“Westminster want the membership to forget about how Boris Johnson was deposed, and look forward rather than backwards. But for the members, it is reasonable to consider how it is hard to look forward when they can only look back in anger” says Jack Faulkner.

The parliamentary Conservative Party took the membership for granted by forcing out Boris Johnson – and could pay a heavy price for it.

Boris Johnson is a proven election winner. Delivering an incredible mandate in 2019, the former Prime Minister set a new precedent for British politics.

On the promise of delivering the Brexit that the people voted for, he won a mandate that delivered a crushing defeat for the Labour Party.

By demolishing Labour’s ‘Red Wall’ in northern England, scooping up votes from the working-class Brexiteers who were taken for granted by a Labour Party that, on the whole, refused to accept the referendum result – and whose leader at the time campaigned in 2019 for a second referendum – Johnson completely changed the political landscape in Britain. Since then, the Labour Opposition have paid the price.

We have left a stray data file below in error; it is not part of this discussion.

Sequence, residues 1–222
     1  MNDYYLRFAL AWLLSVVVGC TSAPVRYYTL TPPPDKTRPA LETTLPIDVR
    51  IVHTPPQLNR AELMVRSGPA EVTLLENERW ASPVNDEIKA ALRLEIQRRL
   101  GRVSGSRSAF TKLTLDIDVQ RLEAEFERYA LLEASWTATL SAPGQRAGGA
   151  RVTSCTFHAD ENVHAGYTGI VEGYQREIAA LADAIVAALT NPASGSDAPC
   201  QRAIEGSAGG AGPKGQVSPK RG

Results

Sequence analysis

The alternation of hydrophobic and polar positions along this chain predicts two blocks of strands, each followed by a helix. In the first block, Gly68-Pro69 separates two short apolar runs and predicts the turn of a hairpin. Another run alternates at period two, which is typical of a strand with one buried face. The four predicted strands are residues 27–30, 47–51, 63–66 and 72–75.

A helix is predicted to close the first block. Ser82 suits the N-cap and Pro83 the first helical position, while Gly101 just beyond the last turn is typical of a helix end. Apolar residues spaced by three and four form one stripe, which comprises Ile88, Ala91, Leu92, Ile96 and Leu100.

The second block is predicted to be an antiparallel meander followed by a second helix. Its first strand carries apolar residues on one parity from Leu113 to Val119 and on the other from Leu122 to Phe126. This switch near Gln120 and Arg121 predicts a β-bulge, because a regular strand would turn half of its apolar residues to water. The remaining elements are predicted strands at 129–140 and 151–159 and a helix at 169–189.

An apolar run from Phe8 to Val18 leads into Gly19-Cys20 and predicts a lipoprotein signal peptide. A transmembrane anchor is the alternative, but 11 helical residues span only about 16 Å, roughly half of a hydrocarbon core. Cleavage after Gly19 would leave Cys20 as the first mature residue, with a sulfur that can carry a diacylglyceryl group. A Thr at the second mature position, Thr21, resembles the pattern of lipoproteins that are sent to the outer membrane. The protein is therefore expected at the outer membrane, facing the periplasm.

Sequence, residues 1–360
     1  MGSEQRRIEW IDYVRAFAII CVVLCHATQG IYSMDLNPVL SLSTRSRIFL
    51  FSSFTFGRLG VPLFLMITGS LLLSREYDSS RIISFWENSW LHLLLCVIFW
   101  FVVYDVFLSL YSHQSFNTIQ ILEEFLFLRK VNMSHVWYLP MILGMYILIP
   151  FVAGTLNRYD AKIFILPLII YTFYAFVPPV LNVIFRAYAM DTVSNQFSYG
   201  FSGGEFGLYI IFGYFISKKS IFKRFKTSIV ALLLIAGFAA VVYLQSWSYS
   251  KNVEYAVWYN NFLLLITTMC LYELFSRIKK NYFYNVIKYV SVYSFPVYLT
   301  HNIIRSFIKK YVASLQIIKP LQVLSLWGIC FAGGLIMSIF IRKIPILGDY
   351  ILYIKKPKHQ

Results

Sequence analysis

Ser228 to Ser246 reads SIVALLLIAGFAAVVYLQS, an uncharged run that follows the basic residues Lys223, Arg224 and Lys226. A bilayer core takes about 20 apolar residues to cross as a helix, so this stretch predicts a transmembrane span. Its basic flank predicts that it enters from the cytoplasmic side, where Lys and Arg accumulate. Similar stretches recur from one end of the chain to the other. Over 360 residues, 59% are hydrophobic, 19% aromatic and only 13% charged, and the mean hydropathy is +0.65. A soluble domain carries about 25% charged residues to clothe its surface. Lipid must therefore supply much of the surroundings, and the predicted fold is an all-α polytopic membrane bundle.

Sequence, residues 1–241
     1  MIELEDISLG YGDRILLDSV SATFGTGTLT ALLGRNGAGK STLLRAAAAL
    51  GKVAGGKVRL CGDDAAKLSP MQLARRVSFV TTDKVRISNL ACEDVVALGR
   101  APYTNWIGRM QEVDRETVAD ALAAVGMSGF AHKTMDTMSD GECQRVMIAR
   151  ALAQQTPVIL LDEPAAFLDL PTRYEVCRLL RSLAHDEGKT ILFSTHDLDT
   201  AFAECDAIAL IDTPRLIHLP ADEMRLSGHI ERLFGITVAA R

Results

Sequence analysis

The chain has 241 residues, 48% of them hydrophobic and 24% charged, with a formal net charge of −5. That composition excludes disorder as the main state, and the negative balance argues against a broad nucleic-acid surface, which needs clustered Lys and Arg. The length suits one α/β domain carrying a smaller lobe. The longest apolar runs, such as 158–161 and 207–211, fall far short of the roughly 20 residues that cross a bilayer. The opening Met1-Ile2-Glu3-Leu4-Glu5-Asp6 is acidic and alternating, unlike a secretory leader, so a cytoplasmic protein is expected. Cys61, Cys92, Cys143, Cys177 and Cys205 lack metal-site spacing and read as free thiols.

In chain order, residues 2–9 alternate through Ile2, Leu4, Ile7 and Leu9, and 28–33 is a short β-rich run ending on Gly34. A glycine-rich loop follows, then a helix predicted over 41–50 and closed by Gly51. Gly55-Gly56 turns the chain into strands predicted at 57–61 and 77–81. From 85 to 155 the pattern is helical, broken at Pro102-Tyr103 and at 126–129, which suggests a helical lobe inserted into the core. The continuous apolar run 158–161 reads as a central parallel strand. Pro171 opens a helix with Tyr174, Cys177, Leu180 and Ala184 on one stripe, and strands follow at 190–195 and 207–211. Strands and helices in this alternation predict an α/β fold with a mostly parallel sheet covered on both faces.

Johnson completely changed the political landscape in Britain. Since then, the Labour Opposition have paid the price.

It was reported last August that by the end of 2021 the Labour Party were down by almost 100,000 members compared to 2020 – which is catastrophic for the Opposition by any measure. And with Sir Keir Starmer struggling to govern his own MPs, let alone the rest of the party, it is unclear how he could lead a Labour government. What is clear, however, is that Labour continue to pay the price for underestimating the feelings of their voters in 2019.